Academic journal article
By Lee Phillips, Melissa
Environmental Health Perspectives , Vol. 114, No. 10
When the EPA announced on 3 August 2006 that it had completed a 10-year review of U.S. pesticide safety, the agency issued a statement full of optimism from administrator Stephen L. Johnson: "By maintaining the highest ethical and scientific standards in its pesticide review, EPA and the Bush administration have planted the seeds to yield healthier lives for generations of American families."
But Johnson's words were met with skepticism, not only by environmental activists, but also by some of the EPA's own scientists. In May, as the agency's deadline for completing its review neared, nine presidents of unions representing EPA scientists and risk managers had written a letter to the administrator, expressing their concerns that the EPA was about to give approval for organophosphate (OP) and carbamate pesticides that may be neurotoxic, especially in developing fetuses, infants, and children.
"We think there's a lot of work that remains to be done in terms of getting [adequate] developmental neurotoxicity data," says William Hirzy, a senior scientist in the EPA's Office of Toxic Substances and vice president of the National Treasury Employees Union Chapter 280. The union leaders are concerned that the EPA administration is too focused on "avoiding lawsuits from the regulated community," Hirzy says. Further, in the absence of adequate data, the leaders fear the EPA is making decisions that err on the side of less restriction rather than more precaution.
EPA administrators, however, have responded that they are confident that their assessments are scientifically valid and that no health risks are posed by the pesticides that have been approved for continued use. "We think we have really set a very high bar for pesticide safety in this country," says Anne Lindsay, deputy director of the EPA Office of Pesticide Programs. "If you are eating food purchased in the U.S., it's really safe."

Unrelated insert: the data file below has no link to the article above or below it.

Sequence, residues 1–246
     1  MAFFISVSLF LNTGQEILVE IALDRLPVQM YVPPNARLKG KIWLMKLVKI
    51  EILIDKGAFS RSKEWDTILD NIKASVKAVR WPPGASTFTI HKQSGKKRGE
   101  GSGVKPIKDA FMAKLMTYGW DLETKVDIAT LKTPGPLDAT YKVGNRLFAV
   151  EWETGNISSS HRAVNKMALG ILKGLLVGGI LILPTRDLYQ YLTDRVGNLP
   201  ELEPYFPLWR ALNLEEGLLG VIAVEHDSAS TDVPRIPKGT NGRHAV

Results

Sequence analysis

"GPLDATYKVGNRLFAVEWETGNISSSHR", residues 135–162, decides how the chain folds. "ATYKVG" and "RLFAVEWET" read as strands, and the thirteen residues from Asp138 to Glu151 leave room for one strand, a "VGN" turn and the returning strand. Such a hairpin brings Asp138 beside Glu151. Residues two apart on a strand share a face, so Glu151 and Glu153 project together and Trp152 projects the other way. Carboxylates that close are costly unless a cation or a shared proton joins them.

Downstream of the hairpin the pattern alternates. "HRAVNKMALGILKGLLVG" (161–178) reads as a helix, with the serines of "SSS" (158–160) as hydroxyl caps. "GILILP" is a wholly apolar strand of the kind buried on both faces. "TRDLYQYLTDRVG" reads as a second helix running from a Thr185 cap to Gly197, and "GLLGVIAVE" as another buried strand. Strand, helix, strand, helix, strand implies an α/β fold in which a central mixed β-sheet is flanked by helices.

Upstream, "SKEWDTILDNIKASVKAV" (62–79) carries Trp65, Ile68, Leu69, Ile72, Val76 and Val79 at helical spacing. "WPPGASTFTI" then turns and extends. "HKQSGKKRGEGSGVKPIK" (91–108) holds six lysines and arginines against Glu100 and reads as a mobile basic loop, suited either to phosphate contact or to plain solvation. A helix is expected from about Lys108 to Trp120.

The EPA's pesticide review began in response to the passage of the 1996 Food Quality Protection Act (FQPA). This act required that the EPA reassess the safety of tolerance levels for food-use pesticide residues in or on raw and processed foods.
The EPA reviewed tens of thousands of new studies in order to decide which pesticides should be banned and which should have new tolerance assessments. These studies came from labs at the EPA, other governmental agencies, and pesticide companies. Over the past decade, the EPA has also developed new risk assessment tools and methods that they are using to better identify chemicals that may be hazardous to human health or the environment. Throughout the research and analysis phase of the review, the EPA also considered opinions from their own advisory committees, as well as from public health watchdog groups and from interested industries. Once all available research had been analyzed, the agency made decisions about each pesticide's allowed tolerance. After each decision was announced, a 60-day public comment period preceded finalization of the decision.
"The Food Quality Protection Act asked us to take a special look at infants, children, and other subpopulations that might have special sensitivities or susceptibilities," Lindsay says. The act also asked EPA scientists to examine both aggregate pesticide exposures from food, water, and household uses, as well as exposures to different food-use pesticides that might have cumulative effects in the body.
From 1996 on, all newly registered pesticides had to meet these safety standards, Lindsay says, but there was still the problem of pesticides that had been registered before the FQPA was enacted. So the EPA embarked on a 10-year mission to reassess all food-use pesticides that had not been proven to meet the new requirements. "The idea was to get all tolerances in the U.S. up to this new high safety standard," Lindsay says.
Congress mandated that the EPA complete all food-use pesticide tolerance reassessment decisions by 3 August 2006. …